Gov. Kate Brown listens in during a phone call with Vice President Mike Pence and other governors on Monday, April 20. (Amanda Loman/Salem Reporter)
Oregon has a long way to go before lifting restrictions, Gov. Kate Brown said Friday.
Instead of forecasting when life would edge closer to normal, Brown announced more determined state efforts to test Oregonians for COVID-19 and increased work to trace the movement of the virus from one person to the next.
Brown said the earliest any section of Oregon could open would be May 15 – and then only in rural counties with few coronavirus cases.
She also announced that Oregon Health and Science University would manage a study of 100,000 Oregonians. OHSU will seek volunteers from all areas and demographic groups in the state to monitor for a year to give health authorities more clear information about how COVID-19 is moving through the state.
Brown gave no indication when people in the most populous areas of Oregon could return to places such as restaurants and salons, among steps being proposed for a phased reduction in the restrictions. She acknowledged that it would happen “much more slowly than any of us would like.”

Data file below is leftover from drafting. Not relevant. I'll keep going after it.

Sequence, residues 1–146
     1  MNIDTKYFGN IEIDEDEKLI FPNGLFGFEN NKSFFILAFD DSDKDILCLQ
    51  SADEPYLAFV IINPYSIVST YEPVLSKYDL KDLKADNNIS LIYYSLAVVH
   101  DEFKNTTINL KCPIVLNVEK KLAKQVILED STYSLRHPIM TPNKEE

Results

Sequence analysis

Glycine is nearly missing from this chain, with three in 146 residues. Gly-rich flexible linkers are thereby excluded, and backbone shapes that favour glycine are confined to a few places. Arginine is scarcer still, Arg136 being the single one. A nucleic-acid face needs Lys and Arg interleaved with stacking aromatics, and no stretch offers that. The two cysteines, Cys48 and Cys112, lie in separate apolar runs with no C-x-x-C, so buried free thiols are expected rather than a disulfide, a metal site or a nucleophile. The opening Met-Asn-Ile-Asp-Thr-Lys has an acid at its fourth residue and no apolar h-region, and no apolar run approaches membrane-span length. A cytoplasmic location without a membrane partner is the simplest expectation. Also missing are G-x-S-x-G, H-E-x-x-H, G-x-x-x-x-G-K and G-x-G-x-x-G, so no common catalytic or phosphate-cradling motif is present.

Even then, the governor said, Oregonians should prepare to continue social distancing, keeping six feet apart from others, wearing masks, and staying home when sick.
“Hand shaking is probably out the window for a long time,” Brown said. “It is just going to be a different type of normal.”
She said social distancing would be part of life in Oregon until a vaccine or treatment is developed for the respiratory disease that so far has killed 103 Oregonians.
Brown said the state’s major hospital systems are uniting behind an effort to manage testing for the virus throughout the state, working in turn with rural hospitals.
“In order to reopen and hopefully stay open, we must have randomized, widespread testing across the entire state,” she said.
Dr. Dean Sidelinger, the state health officer, said “we need to be proud” that Oregonians generally complied with the state’s restrictions. He said such measures kept an estimated 70,000 people from becoming infected with the virus.
He warned, though, that as Oregon opens up and people begin moving around more, the number of infections will go up. He said new measures health officials were putting in place are intended to quickly track such new infections and contain them.
Dr. Danny Jacobs, OHSU president, added that “Oregon has successfully flattened the curve” of infections. He said returning to anything like normal will require a better understanding of where the disease is, how common it is and how it is transmitted around the state.
“Our work is not finished and we must proceed with extreme caution,” Jacobs said. He said acting too hastily could result in a second wave of infections.
Contact editor Les Zaitz: [email protected]
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